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There are two different kinds of title insurance policies: lender’s and owner’s. Almost every lender in a consumer transaction will require that the purchaser buy a lender’s title insurance policy to protect the lender against title defects from the past. But lenders do not require that purchasers buy title insurance to protect their own interest in the property.

Over the years, we have seen hundreds if not thousands of title defects. We firmly believe that purchasing property without an owner’s title insurance policy is a foolish decision. 

So why do you need title insurance for yourself if a title examination has been conducted? The title examination is performed for the benefit of the mortgage company and it only protects the lender against defects (mortgages, liens, delinquent tax bills, etc) that are actually discovered in the exam. There are many potential defects in a title which might not actually appear in the exam, or which might be missed in the exam.

The owner’s title insurance policy will cover legal fees as well as your equity in the property, up to the policy limits (which is usually your purchase price) for covered defects that occurred prior to your ownership of the property but which are discovered after you buy the house.

These are but a few of the many potential title defects that might affect the property you are purchasing, and without an owner’s title insurance policy, you won’t be protected against:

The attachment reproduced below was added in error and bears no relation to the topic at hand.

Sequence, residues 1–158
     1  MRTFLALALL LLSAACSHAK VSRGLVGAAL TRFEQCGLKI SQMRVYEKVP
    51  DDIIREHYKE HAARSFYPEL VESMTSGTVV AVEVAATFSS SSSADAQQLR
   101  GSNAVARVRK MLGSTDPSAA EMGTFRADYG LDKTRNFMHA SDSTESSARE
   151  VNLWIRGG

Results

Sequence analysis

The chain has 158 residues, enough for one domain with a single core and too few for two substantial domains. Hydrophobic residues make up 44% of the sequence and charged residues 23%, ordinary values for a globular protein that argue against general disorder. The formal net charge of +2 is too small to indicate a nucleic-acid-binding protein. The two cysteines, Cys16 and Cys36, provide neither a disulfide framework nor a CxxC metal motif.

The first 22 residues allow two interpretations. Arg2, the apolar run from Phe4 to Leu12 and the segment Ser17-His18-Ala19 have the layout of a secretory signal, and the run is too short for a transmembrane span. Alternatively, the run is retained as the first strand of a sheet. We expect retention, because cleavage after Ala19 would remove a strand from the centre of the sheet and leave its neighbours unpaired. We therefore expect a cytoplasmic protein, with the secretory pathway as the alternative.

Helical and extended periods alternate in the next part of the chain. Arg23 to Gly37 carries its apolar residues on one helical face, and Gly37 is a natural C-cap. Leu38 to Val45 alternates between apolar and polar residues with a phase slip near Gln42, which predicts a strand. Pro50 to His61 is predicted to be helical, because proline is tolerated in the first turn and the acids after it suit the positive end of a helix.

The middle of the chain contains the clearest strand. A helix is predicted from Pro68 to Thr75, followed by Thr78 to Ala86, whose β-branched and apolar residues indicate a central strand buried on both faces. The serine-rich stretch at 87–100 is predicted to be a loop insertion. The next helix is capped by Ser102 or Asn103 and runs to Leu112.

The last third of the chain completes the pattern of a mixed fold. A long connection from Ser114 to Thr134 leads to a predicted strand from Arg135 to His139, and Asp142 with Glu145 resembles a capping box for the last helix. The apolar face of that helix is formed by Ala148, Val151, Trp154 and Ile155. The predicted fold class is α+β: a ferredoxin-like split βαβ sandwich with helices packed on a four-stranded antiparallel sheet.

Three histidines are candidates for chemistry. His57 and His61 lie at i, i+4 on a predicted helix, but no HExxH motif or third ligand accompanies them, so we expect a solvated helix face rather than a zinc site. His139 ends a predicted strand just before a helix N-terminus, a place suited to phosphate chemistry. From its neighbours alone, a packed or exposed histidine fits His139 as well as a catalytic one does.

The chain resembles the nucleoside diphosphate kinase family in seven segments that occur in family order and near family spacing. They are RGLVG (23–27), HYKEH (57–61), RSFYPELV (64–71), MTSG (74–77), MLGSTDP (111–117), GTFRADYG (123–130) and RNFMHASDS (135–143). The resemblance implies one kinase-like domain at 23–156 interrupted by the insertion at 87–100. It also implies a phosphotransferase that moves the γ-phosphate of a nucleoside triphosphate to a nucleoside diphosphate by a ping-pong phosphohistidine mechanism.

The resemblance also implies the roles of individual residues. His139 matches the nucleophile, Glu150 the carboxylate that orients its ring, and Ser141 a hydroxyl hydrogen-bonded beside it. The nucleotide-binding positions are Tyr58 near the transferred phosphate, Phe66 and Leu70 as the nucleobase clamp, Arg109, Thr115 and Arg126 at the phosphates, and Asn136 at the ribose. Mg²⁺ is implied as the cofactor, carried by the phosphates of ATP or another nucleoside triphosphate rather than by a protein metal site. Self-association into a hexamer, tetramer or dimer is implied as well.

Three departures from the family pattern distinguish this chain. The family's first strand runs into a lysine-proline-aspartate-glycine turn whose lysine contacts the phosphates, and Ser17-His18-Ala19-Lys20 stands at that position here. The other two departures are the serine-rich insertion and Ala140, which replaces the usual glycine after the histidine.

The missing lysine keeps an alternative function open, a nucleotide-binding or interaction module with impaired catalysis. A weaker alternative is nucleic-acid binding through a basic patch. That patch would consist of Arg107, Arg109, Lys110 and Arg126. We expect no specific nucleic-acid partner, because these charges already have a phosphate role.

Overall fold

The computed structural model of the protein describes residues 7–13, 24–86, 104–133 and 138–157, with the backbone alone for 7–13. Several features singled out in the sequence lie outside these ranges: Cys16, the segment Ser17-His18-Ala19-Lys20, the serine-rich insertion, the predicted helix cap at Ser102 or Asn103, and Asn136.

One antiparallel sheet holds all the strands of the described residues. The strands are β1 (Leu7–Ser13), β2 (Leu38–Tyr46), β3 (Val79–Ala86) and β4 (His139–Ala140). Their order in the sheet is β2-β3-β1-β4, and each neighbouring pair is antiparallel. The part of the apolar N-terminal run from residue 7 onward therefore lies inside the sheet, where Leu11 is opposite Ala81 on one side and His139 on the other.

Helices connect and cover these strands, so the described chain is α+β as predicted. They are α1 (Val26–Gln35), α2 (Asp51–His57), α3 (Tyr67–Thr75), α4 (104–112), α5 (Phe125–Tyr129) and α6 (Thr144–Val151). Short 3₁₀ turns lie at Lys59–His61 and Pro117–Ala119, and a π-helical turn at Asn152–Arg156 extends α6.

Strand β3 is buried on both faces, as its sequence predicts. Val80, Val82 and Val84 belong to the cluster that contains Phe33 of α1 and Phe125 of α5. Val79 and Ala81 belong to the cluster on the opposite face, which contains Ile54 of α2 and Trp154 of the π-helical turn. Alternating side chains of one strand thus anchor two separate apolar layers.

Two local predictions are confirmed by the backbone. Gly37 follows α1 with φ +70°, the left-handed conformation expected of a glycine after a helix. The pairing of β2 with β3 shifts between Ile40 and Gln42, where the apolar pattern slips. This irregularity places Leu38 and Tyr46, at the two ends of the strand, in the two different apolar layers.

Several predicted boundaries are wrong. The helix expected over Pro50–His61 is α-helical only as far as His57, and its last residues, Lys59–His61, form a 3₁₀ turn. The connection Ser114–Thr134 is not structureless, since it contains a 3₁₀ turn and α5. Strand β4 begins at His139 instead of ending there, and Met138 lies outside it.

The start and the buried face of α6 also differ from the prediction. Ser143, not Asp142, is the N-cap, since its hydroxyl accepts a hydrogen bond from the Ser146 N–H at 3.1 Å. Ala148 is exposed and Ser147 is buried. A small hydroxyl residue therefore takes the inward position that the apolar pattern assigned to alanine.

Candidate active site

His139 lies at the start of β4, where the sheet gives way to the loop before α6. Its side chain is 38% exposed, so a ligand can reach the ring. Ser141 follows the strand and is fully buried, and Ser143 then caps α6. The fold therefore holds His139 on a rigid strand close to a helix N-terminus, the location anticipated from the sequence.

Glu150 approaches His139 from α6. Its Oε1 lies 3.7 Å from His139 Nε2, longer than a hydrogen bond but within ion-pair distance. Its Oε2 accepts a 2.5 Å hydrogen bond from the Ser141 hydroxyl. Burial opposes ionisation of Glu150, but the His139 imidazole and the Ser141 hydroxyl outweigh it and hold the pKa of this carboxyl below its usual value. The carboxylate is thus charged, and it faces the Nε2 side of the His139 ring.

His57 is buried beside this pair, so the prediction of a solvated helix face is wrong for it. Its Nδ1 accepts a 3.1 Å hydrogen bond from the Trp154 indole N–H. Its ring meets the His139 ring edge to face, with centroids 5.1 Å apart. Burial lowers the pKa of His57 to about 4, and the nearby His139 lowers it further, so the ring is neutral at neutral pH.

• Forged deeds, mortgages, releases of mortgages and other instruments.

  • False impersonation of the true owner of the land.

  • Deeds executed under fabricated or expired power of attorney.

  • Deeds apparently valid but actually delivered after death of the grantor or grantee, or without consent of grantor.

  • Deeds by persons of unsound mind.

  • Deeds by minors.

  • Descriptions of properties apparently but not actually adequate.

  • Duress in execution of deed.

  • Defective notary acknowledgments.

  • Deeds by persons apparently single but actually married.

  • Undisclosed divorce of spouse who conveys as sole owner.

  • Undisclosed heirs.

  • Misinterpretation of wills, deeds and other instruments.

  • Birth or adoption of children after date of will.

  • Children living at date of will but not mentioned therein.

  • Discovery of will of someone thought to have died without a will.

  • Discovery of later will after probate of first will.

  • Administration of estates and probates of wills of person who murdered the decedent.

  • Deeds to or from corporations before incorporated or after surrender of forfeiture of charter.

  • Undisclosed mechanics liens.

  • Mistakes in recording legal documents. (i.e. incorrect indexing, errors and omissions in transcribing and failure to preserve original instruments.)

  • Failure to include necessary parties in judicial proceedings.

  • Errors in tax record. (i.e. listing payment against wrong property)

  • Erroneous reports furnished by tax officials, but not binding on municipality.

  • Lack of capacity of foreign personal representatives and trustees to act.

  • Deeds from nonexistent entities.

  • Deeds in lieu of foreclosure set aside as being given under duress.

Feel free to contact any of our attorneys if you would like to discuss title insurance in more details

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